The first response came from a colleague who was annoyed that I had used the list for political purposes in response to a non-political invitation to thank the troops. Fortunately, my department chair quickly chimed in and observed that “Neither message was devoid of political content.” Over the next few days, the emails kept coming. Most supportive messages—“Courageous words of wisdom” or “You go, boy!”—were sent to me privately, reflecting the perceived dangers of openly opposing the war. Though he supported the war, another colleague—and softball teammate—admired my “high-minded ideals” and now understood “why you turned your back so casually on the flag” during the game. A most poignant message came from a former student of mine who had served in the military. She opposed the war and hoped that my email would “at least make people think, instead of blindly follow.”

Negative responses tended to be sent to the entire listserv. A staff member with a son serving in Afghanistan called my comments “disappointing” and placed me in the category of “useful idiots.” Then the email discussion went global. By March 19, the day President Bush announced that U.S. troops were on the attack, I received messages from North Georgia students on active duty in the Middle East. Their emails were civil but angry—and they seemed to have forwarded the email to everyone they knew. As a result, five days into the war, I received a private email from an outraged NGCSU alum and member of the Georgia National Guard who found my comments “offensive and sadly mistaken.” “Are you related to Jane Fonda? How about Michael Moore?” he asked. He subsequently emailed the university president recommending that he ask for my resignation. This he thankfully refused to do.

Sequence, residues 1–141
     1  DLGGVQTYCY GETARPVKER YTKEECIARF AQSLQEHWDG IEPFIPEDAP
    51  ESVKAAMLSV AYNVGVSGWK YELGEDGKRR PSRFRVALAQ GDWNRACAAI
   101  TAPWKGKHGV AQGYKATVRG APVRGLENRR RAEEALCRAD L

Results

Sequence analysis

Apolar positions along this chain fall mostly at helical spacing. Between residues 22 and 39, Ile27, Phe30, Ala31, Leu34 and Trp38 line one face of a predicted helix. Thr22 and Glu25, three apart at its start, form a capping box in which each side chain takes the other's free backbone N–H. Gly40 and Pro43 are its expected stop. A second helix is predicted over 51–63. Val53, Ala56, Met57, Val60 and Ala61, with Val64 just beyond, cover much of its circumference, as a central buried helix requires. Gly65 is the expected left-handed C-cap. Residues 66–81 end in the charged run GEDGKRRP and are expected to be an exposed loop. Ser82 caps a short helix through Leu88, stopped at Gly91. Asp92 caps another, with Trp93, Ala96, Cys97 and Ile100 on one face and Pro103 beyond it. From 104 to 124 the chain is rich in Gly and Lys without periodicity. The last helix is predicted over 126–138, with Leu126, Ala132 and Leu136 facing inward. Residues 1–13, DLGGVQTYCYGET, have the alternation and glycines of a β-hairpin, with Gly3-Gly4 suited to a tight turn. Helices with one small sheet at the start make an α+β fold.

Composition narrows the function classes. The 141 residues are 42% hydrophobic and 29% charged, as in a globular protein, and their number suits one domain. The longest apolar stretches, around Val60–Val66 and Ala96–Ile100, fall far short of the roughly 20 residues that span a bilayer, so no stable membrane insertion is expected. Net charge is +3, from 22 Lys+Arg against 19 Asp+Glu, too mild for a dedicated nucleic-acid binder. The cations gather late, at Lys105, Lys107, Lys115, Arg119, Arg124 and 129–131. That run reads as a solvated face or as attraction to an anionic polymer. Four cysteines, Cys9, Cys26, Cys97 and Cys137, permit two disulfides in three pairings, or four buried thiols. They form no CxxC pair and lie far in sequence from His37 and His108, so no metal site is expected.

The war of words that exploded in my private work world in March 2003 is one legacy of the attacks of September 11, 2001. The shooting war in Iraq that began a week later forms part of the backdrop for this issue as our authors size up the historical significance of 9/11 in light of the last decade. Did 9/11 “change everything?” Michael Sherry explores a decade of continuity and discontinuity. The impact of 9/11 on Muslims in the United States is the focus of Moustafa Bayoumi’s essay. Laura McEnaney analyzes the impact of 9/11 on American domestic politics by focusing on a variety of “homefronts” of the “war on terror.” Erika Doss examines the multiple and contradictory ways that September 11 has been memorialized over the past decade, with particular focus on New York City and Shanksville, Pennsylvania.

In his teaching article on film and 9/11, Lary May shares his experience using post-9/11 Hollywood films—including Michael Moore’s—to teach about the post–World War II American “victory culture” and its decline in recent decades. Claire Potter provides a guide to using the rich September 11 Digital Archive, which includes photos, audio recordings, works of art, and ordinary emails, such as those I have preserved in my private collection. Martin Flaherty offers teachers ways to engage students with documents on the intense post-9/11 debate over human rights, sparked by the treatment of detainees at Guantánamo. Ralph Young shares his experiences, in the wake of 9/11, of organizing what became a decade-long series of teach-ins at Temple University. And finally, Ángel Flores-Rodríguez treats an episode of post-9/11 ballplayer silent protest—not of Carl Weinberg on a Georgia drill field—but of the far better known then-Toronto Blue Jay Carlos Delgado.

We hope that this fine collection of articles can help all of us think more deeply about the meaning of the September 11 attacks and their impact on our world. Thanks to consulting editor Mary Dudziak for all of her work on this excellent issue.

This article from the Magazine of History is also available on the Oxford Journals website, free access provided by the Organization of American Historians.

SHARE:
Leave a Reply